UK business leaders have gathered in London today in an effort to shape how new technologies – including artificial intelligence and 3D printing – could boost industry.
The Industrial Digitisation review was announced by government in January as part of a wider industrial strategy which in part seeks to boost UK productivity. The first meeting was held today in London and chaired by Siemens UK and Ireland CEO Juergen Maier. He met with fellow businesses leaders from firms including Atkins and GSK to begin developing a plan for what new technologies could be applied and in which sectors for maximum effect, along with the policy interventions that government could use to encourage industry to invest in them.
“Our review is about defining how the UK can best adopt radical new technologies that will boost productivity and create new high tech jobs across manufacturing and industry. We want the end result to be a sector deal for manufacturing that makes a real difference to companies regardless of their size or market,” Maier said.
The team will engage with companies (of all sizes) and academics to review how technologies including automation, augmented reality, data analytics and Big Data could increase national productivity. Sketching out the government’s vision for the UK’s modern industrial strategy in November, Prime Minister Theresa May decried the UK’s historic weaknesses, including its relatively low productivity.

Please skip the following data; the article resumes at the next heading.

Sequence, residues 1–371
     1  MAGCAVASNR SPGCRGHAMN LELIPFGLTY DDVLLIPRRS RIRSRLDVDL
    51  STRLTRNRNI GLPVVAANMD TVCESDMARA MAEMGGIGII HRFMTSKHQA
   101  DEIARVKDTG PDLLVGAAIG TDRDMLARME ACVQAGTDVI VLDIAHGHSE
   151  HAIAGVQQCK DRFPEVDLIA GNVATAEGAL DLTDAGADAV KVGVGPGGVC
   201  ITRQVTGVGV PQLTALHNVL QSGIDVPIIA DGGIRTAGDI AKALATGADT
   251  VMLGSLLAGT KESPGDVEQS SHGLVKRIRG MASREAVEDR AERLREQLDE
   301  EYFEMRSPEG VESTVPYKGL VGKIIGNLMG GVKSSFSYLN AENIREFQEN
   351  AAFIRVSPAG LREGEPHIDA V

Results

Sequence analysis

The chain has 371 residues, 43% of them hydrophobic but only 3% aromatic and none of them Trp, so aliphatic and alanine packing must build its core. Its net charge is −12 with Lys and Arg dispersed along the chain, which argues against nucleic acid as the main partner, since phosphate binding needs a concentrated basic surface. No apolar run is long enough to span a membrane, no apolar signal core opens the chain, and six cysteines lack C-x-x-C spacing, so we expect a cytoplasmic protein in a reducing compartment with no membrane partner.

Maier said: “It is not yet too late for the UK to take the global lead in this space, but we are in danger of falling behind if we do not take up the challenge now – so our aim is to position UK manufacturing and industry at the heart of a new global industrial revolution.”
Paul Smith, chair of Cisco UK and Ireland, said: “If we can shape a sector deal that helps the UK compete with world leaders in this space, notably Germany and the US, the jobs payoff could be substantial. At the forefront of our minds are the new tech jobs for Britain underpinned by the new technologies driving changes in the labour market.”
Alongside how to boost productivity, the review will look at the challenges of increasing high value jobs; promoting competition and innovation; commercialising research; facilitating long-term investment between suppliers and large companies; and increasing exports.
The review leadership team is set to complete its work in the summer of 2017 and will report interim findings in the coming months.
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